Fans of tv's All Creatures Great and Small may have seen or read the episode where vet-turned-author "James Herriot", newly qualified, is asked his opinion of a particular heifer as mate for a farmer's bull. To paraphrase his thoughts, "years of training on how to treat sick animals, and I'm asked about breeding healthy ones - by a man who knows a lot more about it than I". Also your vet is a generalist, breed clubs are more likely to know breed-specific details. But if I were buying a CKCS I'd not expect much from that club after the way they treated CF. And some vets, let's be honest, give whatever advice makes them most money. Of course most breed clubs, and most vets (ours certainly), are genuine people and well worth consulting.
    Buying a puppy is a (dog's) lifetime commitment, a decision worth taking time over; the message here surely is not to rely on any one source of info but talk to a variety of people - then make up your own mind.
    Information is like food: wise not to swallow it without knowing where it's been.

    ReplyDelete
  30. I've supported Steve Dean through the vet check row but I say quite clearly that he's in no position to make these criticisms.

    The Kennel Club is the organisation that should be producing a comprehensive dog breed health guide. They should insist that breeders conduct health checks and keep the on-going contact with new owners that would bring in the raw data. They should work with the vets bodies to find out what's happening to pedigree dogs in the community. They have the resources and the expertise to compile the data, make sense of the results and present it in a way the public can understand.

    They don't do this. At the very best they work piecemeal in addressing some conditions in some breeds. The KC have singularly not stepped up to the plate on this one.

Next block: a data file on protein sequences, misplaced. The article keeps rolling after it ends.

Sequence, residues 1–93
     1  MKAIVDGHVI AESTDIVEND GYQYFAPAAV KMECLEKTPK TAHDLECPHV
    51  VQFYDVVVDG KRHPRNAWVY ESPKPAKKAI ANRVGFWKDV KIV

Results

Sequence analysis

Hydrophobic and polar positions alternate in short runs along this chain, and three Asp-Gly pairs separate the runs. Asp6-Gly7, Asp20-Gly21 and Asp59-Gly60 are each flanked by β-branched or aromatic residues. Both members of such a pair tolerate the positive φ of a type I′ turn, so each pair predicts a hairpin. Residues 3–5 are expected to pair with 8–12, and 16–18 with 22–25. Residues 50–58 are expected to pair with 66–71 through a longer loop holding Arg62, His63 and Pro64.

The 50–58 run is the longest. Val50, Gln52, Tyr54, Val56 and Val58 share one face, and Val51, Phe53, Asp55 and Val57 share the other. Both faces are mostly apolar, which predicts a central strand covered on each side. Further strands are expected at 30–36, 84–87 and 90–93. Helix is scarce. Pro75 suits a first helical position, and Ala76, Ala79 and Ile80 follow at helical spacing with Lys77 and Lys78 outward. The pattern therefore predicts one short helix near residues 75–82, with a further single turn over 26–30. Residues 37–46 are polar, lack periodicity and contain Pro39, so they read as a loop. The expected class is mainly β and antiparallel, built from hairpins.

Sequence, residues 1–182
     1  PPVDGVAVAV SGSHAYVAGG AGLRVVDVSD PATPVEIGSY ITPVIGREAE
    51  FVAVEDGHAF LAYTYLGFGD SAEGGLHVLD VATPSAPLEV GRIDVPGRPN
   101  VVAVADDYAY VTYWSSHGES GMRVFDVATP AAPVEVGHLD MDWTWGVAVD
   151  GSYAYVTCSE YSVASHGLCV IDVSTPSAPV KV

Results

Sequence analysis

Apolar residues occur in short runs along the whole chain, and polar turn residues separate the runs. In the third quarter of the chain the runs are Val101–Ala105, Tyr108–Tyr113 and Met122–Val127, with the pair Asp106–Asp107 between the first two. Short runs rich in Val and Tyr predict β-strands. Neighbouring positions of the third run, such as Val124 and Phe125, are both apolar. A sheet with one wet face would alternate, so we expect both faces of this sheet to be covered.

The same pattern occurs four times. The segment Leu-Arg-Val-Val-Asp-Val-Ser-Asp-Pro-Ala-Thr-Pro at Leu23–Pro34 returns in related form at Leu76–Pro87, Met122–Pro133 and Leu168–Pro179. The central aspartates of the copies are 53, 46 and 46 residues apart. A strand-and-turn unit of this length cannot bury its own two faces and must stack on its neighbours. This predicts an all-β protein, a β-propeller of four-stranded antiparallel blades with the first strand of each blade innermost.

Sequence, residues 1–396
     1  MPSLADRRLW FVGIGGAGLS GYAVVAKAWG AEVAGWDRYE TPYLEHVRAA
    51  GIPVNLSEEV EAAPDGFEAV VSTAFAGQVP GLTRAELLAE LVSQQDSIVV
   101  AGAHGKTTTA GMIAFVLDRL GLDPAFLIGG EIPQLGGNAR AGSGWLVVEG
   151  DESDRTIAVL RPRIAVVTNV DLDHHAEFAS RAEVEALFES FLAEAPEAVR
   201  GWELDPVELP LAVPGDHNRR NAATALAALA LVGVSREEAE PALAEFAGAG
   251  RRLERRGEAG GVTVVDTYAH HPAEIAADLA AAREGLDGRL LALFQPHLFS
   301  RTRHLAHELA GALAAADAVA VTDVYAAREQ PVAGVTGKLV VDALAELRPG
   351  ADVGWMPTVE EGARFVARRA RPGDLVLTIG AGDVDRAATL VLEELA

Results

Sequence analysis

Steve Dean is condemning someone for trying to do on a shoestring what the KC with all it's resources fails to even attempt.

    If Professor Dean was launching a KC scheme to replace dogbreedhealth I might understand his reaction. As it is I believe it would have been far more positive for the KC encourage breed clubs to work with Carol Flower rather than try to rubbish the project.

    Kevin Colwill

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    1. Bingo! -- Rod Russell, Orlando, Florida USA

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  31. The fact that so many people have found so many faults on this site mean anyone with half a shred of concern for the public or the welfare of dogs would of pulled the plug on it for the time being (or forever), but all we get is poor poor Carol it’s not her fault, well yes it is she published it she didn’t check anything it seems, she is highly selective in what she want to put in (and omit) there is not balance, no referral to other breed sites, as for the comment by Kevin Colwill about her not being funded, well from what I can see the charity that foots the bill, have paid allot.............for very little. Didnt you feature this site on your PDE2, if you did and it can now be shown just how many error there are on it I wonder how happy the BBC would feel to have been to seen to endorsing such a botched job? Perhaps we should ask them?

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    1. Mr Davidsohn I presume? Wasn't going to publish this but as you're no doubt repeating this elsewhere, it at least gives me the opportunity to give you some facts:

      1) Carol used veterinary texts and the scientific literature as her starting point and then used a panel of vets (and an geneticist) to review each breed entry. The problems that exist are mainly due to the lack of relieable prevalence data that is available - and the difficulty in establishing reliable within-breed sources. I agree that the latter is needed (and indeed so does Carol - why she tried to contact the HCs in the first place).

      2) Carol is not funded. Not a penny. The charity mentioned on the dogbreedhealth website - Cavalier Matters - is one she raises money for; it does not fund her.

      2) No, we did not feature this site in PDE2.

      Jemima

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  32. I read Steve Dean's article, but did not recognise it as an 'attack' on any one person - just a warning not to take these websites as gospel truth.
    Since looking up my breed (IRWS) I found errors and misleading statements.
    What I found missing generally though - and much more important - was lack of reference to the specific Breed Clubs where more accurate information is to be found.

    I wonder if this blog is just another attempt to swipe at the KC, who, unless you want to live in a police state, do more on behalf of dog health and welfare than any amount of negative blogging